Having a sticker indicating the usage of AI for some tasks doesn’t mean that the task will be completed successfully: there are many ways to solve a problem. So, if you have a problem to solve with your data, why not use the best set of tools to solve it? That’s the goal of Texter Machine Learning (TML).
Usually, Enterprise Content Management (ECM) systems have different kinds of information. In order to automate processes, there’s the need to have a set of tools, working together, to handle those kinds of information.
Texter Machine Learning (TML) is an aggregator of Machine Learning (ML) engines: instead of relying on a single ML engine, it’s possible to aggregate the results of several engines, to improve overall results.
In order to process a request from a client, TML will contact one or more ML engines and aggregates their results, in order to provide the best results to the client:
Controller receives the requests and orchestrates on which and how engines should be called: most of the business logic could be implemented in this controller.
Because we have a well-defined API, it’s possible to replace the controller with another one, without stopping the client or changing its code.
There are several examples of controllers already available but it’s possible to create a new controller easily, using a maven archetype project.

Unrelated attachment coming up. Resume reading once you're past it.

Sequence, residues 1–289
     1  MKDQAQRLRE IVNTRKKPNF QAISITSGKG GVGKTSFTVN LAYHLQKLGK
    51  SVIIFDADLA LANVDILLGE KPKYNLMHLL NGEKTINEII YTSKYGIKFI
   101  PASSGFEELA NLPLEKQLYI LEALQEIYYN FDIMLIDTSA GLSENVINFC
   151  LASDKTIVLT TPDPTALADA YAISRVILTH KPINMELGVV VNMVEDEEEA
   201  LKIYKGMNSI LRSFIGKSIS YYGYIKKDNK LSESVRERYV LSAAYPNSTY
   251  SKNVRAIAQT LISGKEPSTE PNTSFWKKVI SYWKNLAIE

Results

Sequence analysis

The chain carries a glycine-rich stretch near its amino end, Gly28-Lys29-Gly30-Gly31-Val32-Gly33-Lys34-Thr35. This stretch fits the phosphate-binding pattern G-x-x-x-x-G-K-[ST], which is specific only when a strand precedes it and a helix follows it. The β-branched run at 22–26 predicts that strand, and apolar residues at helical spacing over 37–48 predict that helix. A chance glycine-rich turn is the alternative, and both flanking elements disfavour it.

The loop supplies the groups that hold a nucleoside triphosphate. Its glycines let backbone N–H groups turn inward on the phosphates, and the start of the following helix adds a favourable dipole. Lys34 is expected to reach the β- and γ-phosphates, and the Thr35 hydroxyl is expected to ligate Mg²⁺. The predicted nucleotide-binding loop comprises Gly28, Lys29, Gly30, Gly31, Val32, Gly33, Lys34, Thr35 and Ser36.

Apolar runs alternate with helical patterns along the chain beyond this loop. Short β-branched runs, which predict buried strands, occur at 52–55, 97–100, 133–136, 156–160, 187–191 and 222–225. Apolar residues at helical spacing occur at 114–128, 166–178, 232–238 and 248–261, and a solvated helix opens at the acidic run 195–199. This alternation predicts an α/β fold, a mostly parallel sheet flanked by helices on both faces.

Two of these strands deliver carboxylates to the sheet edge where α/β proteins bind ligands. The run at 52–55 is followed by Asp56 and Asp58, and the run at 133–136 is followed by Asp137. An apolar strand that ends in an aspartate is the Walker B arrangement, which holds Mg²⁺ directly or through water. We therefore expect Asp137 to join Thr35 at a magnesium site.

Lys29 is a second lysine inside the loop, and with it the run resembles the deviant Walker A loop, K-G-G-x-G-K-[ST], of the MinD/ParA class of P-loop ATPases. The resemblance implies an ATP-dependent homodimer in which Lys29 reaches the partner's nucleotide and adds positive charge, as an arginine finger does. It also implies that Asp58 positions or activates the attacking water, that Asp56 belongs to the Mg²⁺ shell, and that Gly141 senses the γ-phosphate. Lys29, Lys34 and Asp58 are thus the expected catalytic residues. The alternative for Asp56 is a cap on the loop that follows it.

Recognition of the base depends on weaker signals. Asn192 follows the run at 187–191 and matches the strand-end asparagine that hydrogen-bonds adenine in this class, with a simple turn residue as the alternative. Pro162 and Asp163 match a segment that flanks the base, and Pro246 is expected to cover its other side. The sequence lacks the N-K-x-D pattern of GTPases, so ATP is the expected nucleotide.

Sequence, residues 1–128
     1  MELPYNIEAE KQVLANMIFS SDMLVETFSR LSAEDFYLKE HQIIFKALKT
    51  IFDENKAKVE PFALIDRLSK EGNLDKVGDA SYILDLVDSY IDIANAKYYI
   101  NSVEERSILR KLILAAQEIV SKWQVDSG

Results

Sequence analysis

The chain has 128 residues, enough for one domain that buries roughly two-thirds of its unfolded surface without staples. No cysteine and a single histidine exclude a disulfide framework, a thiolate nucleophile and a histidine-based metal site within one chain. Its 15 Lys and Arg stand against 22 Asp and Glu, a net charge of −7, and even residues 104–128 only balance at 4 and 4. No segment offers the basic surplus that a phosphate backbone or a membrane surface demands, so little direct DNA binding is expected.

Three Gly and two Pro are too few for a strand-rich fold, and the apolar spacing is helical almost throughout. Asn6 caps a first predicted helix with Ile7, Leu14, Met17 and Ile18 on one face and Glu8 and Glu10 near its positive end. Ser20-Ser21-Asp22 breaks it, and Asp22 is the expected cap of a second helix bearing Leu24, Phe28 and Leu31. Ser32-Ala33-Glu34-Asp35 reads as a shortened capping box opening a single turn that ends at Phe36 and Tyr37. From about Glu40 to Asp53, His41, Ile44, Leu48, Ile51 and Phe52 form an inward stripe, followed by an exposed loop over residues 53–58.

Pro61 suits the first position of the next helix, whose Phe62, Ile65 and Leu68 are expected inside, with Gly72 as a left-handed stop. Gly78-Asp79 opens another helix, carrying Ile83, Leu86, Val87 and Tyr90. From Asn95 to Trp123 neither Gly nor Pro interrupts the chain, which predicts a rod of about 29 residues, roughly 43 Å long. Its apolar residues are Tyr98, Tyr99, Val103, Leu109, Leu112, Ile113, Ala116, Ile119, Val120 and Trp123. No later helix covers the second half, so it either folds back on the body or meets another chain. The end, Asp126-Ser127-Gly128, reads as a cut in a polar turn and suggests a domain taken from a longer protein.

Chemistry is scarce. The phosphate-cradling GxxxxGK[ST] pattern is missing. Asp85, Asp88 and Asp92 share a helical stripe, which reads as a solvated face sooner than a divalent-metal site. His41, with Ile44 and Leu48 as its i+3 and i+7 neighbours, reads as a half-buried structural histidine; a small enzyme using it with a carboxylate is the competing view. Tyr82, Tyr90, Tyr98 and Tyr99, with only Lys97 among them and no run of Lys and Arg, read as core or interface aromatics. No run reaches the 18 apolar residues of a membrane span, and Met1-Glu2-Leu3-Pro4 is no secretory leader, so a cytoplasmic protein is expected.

We rely on SpringBoot capabilities to provide the ground foundation for a micro-service environment, if necessary.
To interact with ML Engines, TML provides the notion of Adapter: a standard way to communicate with them.
With those adapters, it’s possible to use the engine directly on the Controller or distribute them on a network, using message queues.
Once again, we’re using SpringBoot in order to provide a micro-service architecture, to scale the engines according to business needs.
ML Engines – Available ML Engines
Because engines will do the hard work, there’s also the need to configure/train those engines in order to provide the best results over time.
TML makes available, right from the start, the following ML engines:
- Natural Linguistic Processing (NLP)
- Computer Vision
- Optical Character Recognition (OCR)
ML Engines – What about other ML Engines?